Charlotte Gray is well known for her histories and biographies of Canada – many of them winning prizes.
In The Promise of Canada she cleverly chooses nine Canadians from very different walks of life who have left their mark on how we view our country. Beginning with George-Etienne Cartier, one of the Fathers of Confederation, she shows how this shrewd Montreal lawyer insisted on two levels of government for the new Canada: one at the federal level to handle the whole federation, and a more local government in each province that joined up, thus ensuring that French Canada would run everything essential to the survival of their culture.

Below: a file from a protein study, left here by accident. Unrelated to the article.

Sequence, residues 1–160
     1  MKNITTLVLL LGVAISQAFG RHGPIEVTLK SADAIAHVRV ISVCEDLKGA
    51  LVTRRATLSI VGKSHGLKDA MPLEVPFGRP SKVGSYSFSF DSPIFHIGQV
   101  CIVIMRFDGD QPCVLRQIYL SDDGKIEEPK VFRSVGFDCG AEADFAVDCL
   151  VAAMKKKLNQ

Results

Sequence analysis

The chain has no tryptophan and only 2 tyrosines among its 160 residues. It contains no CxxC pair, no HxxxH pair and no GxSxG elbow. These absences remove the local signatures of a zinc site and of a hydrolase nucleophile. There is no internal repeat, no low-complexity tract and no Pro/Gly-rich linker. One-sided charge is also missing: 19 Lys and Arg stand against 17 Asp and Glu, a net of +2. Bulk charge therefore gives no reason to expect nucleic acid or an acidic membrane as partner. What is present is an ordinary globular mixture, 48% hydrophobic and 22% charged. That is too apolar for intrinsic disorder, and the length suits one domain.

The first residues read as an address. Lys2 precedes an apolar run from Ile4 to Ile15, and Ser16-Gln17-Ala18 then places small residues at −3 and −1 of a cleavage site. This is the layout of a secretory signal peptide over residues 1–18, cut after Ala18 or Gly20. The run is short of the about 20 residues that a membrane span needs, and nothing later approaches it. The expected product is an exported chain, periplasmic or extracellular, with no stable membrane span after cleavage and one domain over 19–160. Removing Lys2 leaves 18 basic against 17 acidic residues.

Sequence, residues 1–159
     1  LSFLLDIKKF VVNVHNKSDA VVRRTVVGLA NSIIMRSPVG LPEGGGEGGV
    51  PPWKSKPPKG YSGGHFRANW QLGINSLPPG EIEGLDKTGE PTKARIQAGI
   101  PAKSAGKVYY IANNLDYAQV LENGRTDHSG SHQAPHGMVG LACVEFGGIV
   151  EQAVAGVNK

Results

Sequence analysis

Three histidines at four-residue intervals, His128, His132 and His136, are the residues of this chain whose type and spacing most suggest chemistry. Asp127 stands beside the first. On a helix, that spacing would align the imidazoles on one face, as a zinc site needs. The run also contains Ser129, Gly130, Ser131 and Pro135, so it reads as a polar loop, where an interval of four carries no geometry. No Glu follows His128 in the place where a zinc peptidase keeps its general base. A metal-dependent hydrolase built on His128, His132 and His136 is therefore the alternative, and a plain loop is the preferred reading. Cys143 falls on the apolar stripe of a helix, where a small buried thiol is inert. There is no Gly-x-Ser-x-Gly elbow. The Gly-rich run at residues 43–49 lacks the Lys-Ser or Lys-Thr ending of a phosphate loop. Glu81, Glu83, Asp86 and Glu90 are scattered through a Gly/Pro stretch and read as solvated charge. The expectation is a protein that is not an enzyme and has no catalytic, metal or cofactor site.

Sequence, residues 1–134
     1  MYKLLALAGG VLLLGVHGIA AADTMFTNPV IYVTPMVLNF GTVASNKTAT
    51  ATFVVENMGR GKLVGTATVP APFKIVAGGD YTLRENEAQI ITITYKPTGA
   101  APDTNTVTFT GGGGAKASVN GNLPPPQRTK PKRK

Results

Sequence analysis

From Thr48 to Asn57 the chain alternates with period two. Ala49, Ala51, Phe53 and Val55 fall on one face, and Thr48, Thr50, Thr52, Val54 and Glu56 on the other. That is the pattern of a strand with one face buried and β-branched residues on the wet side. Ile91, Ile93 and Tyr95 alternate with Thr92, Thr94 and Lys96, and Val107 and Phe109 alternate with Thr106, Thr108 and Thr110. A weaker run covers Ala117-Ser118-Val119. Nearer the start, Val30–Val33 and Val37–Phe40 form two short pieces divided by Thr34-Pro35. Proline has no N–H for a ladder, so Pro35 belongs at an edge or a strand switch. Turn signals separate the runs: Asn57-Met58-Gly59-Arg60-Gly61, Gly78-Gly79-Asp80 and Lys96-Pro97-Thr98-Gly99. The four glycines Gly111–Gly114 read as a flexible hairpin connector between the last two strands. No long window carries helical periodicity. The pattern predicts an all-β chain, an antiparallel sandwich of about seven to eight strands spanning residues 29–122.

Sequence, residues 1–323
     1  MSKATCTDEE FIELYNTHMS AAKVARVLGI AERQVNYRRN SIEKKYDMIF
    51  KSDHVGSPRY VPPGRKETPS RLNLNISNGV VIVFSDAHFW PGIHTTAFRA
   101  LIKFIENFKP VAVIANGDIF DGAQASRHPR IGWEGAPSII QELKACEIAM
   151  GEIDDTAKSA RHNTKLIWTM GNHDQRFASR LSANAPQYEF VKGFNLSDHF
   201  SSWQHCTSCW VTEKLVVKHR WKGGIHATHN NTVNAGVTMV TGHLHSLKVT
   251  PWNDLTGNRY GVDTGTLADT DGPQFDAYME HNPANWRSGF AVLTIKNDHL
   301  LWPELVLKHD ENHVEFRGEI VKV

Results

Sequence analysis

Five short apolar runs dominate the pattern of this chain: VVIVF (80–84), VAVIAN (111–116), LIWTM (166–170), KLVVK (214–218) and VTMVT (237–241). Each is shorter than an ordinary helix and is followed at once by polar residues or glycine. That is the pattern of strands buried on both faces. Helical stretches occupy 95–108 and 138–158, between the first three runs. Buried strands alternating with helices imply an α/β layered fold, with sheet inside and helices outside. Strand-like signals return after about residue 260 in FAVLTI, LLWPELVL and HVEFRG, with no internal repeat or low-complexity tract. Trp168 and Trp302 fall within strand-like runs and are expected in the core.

She goes on to describe a very tough Mountie, Samuel Benfield Steele and then seven more Canadians, some more famous than others but all of whom have left their mark on the way we live. These include Tommy Douglas (who master-minded health care), Margaret Atwood with her original-minded writing, Elijah Harper speaking up for First Nations.
This is Canada’s 150th Birthday coming up. There will doubtless be much written on how we look and how we got here. This will be one of the most interesting and provocative by a writer, herself an immigrant to Canada who has come to know and love it as her own.
Reviewed by Anne McDougall